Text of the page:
Advice for Undergraduateraduate Student Advisees
This is just a first cut at an 'undergraduate' advice page; it's very preliminary.
I hope I have time to flesh this out in the near future.
Obviously, most of what follows is just personal opinion.
But it is about things that various students have asked me about.
The best and worst thing about OSU is that it's BIG.
If you want to learn about anything, there is an expert on campus.
If you want to get lost in the shuffle and float through your undergrad degree, you can do that too.
Types of graphics jobs:
Computer (and related technologies) companies such as Apple, DEC, TI, Intergraph, etc.
CAD user Industry: Rockwell, Ford, GM, Lockheed, etc.
Game makers: Pyrotechnix, Engineering Animation Inc., etc.
Animation industry: Pixar, PDI, ILM, Blue Sky Studios, Digital Domain, Disney, Dreamworks, ImageWorks, Cinesite, etc.
If you want to get into graduate school, especially if you're thinking about fellowships and such:
Take some extra time and get involved in some research.
I've been on OSU's fellowship committee and it is very valuable to be able to cite some research you've done and to have reference letters from faculty who have worked with you on some kind of project outside of the regular classroom.
If nothing else, do an honors thesis project.
If you want to get into computer animation:
You need something to differentiate yourself from the mass of enthusiastic limited-talent riff-raff.
You need strengths in visual arts or technical know-how or, ideally, both.
But if you really want to do computer animation - just do it!
Do it with low tech equipment.
Do it with borrowed equipment.
Just do it.
If you want to start your own company:
Just do it! Get experience by trying things.
If you need financing, the best way to get it is to be out there trying - not making a company prospectus, planning this and planning that. Just do it.
If you want to be a consultant:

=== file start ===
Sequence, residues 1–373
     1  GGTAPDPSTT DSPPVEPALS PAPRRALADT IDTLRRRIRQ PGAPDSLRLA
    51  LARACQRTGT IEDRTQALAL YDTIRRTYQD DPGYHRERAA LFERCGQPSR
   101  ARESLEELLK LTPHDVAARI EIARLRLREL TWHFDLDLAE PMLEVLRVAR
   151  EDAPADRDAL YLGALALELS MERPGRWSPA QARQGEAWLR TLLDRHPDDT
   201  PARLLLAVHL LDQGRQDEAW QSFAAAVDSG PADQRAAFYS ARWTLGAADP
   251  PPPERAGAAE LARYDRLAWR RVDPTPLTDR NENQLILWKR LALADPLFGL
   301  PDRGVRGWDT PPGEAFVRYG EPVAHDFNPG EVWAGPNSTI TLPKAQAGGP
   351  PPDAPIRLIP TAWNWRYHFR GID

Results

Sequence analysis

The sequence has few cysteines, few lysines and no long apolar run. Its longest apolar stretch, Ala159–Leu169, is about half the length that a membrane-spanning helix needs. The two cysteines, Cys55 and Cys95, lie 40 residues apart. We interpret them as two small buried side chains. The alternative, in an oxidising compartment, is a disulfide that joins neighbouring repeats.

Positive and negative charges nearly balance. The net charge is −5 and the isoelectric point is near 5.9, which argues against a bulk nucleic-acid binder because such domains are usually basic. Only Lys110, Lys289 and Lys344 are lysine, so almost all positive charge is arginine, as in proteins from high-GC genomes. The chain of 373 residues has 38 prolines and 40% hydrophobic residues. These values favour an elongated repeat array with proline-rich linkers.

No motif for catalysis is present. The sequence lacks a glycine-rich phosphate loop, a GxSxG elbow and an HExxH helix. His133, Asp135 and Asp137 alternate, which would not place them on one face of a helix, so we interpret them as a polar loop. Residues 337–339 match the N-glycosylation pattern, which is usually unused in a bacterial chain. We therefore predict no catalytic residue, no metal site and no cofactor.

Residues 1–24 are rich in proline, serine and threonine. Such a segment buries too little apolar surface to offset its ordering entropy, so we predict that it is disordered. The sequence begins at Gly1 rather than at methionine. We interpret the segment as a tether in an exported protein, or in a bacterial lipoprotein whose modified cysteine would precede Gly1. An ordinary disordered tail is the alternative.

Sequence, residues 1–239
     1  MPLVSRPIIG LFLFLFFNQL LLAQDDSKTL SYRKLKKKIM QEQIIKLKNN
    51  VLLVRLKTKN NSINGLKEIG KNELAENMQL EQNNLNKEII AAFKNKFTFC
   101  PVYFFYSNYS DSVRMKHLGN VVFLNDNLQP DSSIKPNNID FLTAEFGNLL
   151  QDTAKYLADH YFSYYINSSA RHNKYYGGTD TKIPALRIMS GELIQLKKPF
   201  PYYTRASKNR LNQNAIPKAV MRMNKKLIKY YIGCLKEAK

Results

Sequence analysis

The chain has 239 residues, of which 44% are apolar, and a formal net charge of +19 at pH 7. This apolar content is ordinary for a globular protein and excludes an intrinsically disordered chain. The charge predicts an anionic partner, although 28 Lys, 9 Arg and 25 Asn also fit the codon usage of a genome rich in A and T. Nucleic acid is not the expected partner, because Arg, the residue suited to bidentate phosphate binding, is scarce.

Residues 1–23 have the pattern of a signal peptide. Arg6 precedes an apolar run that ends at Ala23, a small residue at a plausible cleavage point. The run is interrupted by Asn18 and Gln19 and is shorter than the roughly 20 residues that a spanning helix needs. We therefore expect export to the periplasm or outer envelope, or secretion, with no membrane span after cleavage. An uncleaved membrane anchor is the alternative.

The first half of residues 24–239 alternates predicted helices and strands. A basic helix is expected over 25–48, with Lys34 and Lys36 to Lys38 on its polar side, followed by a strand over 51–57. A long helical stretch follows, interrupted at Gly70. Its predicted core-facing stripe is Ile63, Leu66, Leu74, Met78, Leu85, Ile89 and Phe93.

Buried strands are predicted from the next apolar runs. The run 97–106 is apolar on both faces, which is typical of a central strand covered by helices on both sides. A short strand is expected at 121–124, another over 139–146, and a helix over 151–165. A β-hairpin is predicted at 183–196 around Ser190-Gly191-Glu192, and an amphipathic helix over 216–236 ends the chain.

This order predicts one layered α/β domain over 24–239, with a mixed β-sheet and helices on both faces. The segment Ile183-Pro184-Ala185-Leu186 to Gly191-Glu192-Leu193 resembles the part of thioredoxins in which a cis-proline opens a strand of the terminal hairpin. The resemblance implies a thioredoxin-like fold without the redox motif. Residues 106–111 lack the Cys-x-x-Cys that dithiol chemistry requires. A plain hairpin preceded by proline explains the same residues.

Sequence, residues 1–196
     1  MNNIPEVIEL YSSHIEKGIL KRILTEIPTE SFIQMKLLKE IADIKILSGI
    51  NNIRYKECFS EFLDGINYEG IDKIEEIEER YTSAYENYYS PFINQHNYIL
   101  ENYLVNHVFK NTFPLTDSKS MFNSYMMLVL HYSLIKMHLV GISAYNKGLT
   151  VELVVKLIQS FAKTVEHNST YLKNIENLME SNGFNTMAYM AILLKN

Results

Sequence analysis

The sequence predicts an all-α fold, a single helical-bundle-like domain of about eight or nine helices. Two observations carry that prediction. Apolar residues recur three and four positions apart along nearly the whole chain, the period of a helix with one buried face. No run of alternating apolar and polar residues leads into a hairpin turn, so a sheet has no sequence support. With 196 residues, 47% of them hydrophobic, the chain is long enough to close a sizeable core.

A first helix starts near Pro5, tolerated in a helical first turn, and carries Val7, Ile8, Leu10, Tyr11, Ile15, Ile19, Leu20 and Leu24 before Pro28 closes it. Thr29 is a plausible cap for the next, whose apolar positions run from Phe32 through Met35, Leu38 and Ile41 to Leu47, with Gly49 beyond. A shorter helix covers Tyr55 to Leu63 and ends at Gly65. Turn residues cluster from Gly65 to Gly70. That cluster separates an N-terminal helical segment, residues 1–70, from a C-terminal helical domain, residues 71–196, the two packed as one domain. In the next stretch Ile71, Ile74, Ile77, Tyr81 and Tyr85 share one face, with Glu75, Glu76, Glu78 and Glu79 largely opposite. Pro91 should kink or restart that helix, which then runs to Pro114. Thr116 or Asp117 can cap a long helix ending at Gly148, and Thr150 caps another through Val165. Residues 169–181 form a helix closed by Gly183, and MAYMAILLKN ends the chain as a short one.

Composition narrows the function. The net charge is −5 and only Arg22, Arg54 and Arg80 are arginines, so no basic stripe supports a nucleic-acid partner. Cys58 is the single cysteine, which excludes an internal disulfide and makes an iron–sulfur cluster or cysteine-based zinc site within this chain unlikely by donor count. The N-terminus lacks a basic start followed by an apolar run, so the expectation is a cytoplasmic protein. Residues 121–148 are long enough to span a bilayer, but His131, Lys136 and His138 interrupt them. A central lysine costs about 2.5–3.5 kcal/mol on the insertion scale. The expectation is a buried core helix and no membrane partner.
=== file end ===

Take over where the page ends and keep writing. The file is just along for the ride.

This can be a tough way to go.
Most of all you need initial contacts who will give you work and who will recommend you word-of-mouth.
Easing into it while you're still in school or while you're on another job is a good way to establish the contacts you'll need while putting food on the table.
If you want recommendations from a faculty member:
The recommender writes a good recommendation letter iff:
- he knows you well
- you've done good work for him/her
This may seem obvious, but take the extra step to create a good impression - always attend class, speak up, do the reading assignments, etc.
- Get involved in a research project - this is the best thing to do, especially for grad school.
- Do something extra in a class - even if you don't get extra credit for it
- Sit in (or take) the faculty member's 788 or 888 class - and participate
- Ask (intelligent) questions in class
- Take independent study
Graduate Schools strong in computer graphics
This is off the top of my head, so it may change as I think about it more.
The strongest all-around and who's there
- Toronto (Fiume, Terzopolous, others)
- Washington, Seattle (Salesin, Popovic)
- Brown (Hughs, others)
- UNC (Fuchs, Brooks, others - mainly VR)
- Utah (Hansen: visualization; traditionally strong in modeling)
- Georgia Tech (Rappaport, others)
- Stanford (Levoy, Hanrahan)
Schools that have strengths in certain areas (and some of these I'm not sure
who's still there or what they're currently doing)
- Caltech (Barr, Schroeder, Breen)
- Cornell (Greenberg: rendering)
- Berkeley (Barsky: curves)
- U. Penn (Badler: animation)
- SUNY (Kaufmann: volume graphics)
- Rochester (modeling)
- RPI (modeling)
- CMU (Hodgins: animation)
- and, of course, Ohio State with strengths in visualization, volume graphics, and animation....
Last updated: 2/13/09